To even begin unpacking this, we first need to talk about the unspoken assumption that having a female main character in a Science Fiction novel is so notable, so completely outside the norm, that we can’t help wondering how the story would have been turned out if the protagonist had been the “industry default,” ie, male. Now, I’m sure this wasn’t what the author of the question had in mind when she wrote it, but consider: if I were a male author writing a male character, would anyone think to ask me the gender reversed version of this question? Would this topic even come up?

As an author and a fan, Science Fiction is hands down the most relentless male centered genre I’ve ever been a part of, both in terms of the names on the books and the characters in them. Now, this in itself isn’t inherently bad. Men are obviously perfectly capable authors, and there are tons of wonderful, well written, thought provoking stories told through men’s eyes. The problem comes in when this surfeit of male characters in SF leads to people into thinking that men are the only viable protagonists. Male (usually straight and generally white) characters are so unrelentingly ubiquitous, they have become SF’s default, to the point where the decision to have any other type of protagonist is seen as a daring authorial choice to be questioned. Again, no one ever asks, “why did you make your main character a man?” It’s just assumed, the natural state of things, even when the author in question is herself a woman.

This assumption that male is the default bugs me to no end both as a woman and an author, because when one type of protagonist is seen as “normal,” even implicitly, everything different becomes abnormal by comparison. Suddenly, my book–which is chock full of spaceships and aliens and badasses having mortal combat in sleek suits of powered armor for End of the Universe stakes–isn’t Science Fiction, it’s Women’s Science Fiction. It’s Other, something “real” Science Fiction fans can feel free to ignore as a niche market, especially since my female main character also manages to fit in a meaningful romance–with emotions and consequences and everything–thus adding “hella girl cooties” (technical term) to the narrative.

This is actually what frustrates me the most. If there’s one thing I can predict Fortune’s Pawn will be criticized for, it’s going to be for adhering too strongly to traditional Science Fiction tropes. Just as my Legend of Eli Monpress series (written as Rachel Aaron) was a loving sendback to the rollicking fun early 90s Fantasy epics I grew up with, my Devi books are an attempt to recapture the exhilaration and wonder I felt when I first watched Aliens, or tore through my parents’ wall of Anne McCaffrey, David Brin, and Marion Zimmer Bradley paperbacks. Fortune’s Pawn is about as close to a Science Fiction love letter as you can get without being a flat out parody, and yet my book is constantly addressed as an outsider work. Not because it’s actually outside any definition of Science Fiction anyone can reasonably defend, but because I am a woman, and I wrote a protagonist who was like me.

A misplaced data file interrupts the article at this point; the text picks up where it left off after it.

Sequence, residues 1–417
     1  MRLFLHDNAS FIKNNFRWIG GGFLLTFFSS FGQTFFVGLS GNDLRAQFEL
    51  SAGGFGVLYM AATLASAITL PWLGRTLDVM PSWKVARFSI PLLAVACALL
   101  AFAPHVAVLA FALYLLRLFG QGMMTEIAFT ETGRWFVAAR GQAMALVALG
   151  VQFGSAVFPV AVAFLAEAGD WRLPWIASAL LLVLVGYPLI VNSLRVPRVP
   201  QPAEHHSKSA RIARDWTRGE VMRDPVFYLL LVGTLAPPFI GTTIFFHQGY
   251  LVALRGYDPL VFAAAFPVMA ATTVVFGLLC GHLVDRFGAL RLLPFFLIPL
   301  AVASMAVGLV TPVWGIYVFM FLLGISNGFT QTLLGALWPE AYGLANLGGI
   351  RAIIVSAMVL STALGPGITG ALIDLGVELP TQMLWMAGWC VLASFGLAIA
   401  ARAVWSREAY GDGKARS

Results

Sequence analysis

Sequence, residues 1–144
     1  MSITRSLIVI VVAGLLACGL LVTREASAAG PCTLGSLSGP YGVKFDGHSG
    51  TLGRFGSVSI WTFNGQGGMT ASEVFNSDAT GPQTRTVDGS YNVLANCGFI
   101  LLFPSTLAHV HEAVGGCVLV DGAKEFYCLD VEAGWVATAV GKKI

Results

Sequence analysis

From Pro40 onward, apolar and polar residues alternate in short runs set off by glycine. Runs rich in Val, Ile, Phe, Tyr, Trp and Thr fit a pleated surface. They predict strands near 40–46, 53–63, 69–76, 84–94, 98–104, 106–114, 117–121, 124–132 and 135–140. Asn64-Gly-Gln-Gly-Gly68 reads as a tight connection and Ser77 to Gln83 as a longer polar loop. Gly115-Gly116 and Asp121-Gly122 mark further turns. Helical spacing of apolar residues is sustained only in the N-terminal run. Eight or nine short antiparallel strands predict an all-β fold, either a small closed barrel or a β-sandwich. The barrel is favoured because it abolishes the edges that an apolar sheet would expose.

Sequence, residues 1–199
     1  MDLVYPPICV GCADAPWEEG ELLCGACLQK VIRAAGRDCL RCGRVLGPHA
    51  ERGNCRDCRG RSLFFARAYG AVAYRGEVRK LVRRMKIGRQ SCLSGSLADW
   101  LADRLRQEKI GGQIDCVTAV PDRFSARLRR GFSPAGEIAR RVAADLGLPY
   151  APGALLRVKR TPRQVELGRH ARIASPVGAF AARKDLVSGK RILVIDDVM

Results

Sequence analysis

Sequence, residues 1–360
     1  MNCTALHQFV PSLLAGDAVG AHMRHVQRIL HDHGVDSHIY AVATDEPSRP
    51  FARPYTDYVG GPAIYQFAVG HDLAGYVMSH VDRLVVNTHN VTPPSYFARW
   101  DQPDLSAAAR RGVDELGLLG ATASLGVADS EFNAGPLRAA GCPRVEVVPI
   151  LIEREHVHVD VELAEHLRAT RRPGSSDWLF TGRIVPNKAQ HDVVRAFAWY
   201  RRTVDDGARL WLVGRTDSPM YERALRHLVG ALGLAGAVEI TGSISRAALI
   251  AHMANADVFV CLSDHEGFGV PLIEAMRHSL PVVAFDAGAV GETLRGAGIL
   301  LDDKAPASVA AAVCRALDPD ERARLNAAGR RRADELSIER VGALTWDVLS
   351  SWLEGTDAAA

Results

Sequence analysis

Now, I’m sure some will say I’m making a mountain out of a molehill here. After all, Fortune’s Pawn is being put out by a major publisher across the US and UK, hardly the position of the oppressed. But when you see your gender and the gender of your main character brought up in every single interview and review of your work, it’s hard not to feel that “female Science Fiction author” is a bit like “piano playing elephant”; notable for its novelty, but no one is expected to actually care about the music. And that bothers me a lot, both because I put a ton of work and thought into that music, and because being a woman in SF isn’t a novelty.

Any serious look at the genre reveals that there are tons of women and minorities all across the Science Fiction spectrum–authors, actors, creators, and fans of all stripes–and the only reason the actual contents of the genre don’t reflect this diverse fanbase is because these non-white, non-male voices have been systematically ignored for years because they’re not that accepted default we just talked about. So, to those who might claim that I’m overreacting (yeesh, women can bitch about anything! Amirite, guys?), I would reply, no. I am reacting, which isn’t the same thing at all. Reacting is what responsible, thinking people do when they notice something is amiss, and there is nothing more horrifically amiss than seeing these outdated, archaic, exclusionary, downright backwards modes of thought being applied to a genre that is founded on looking forward.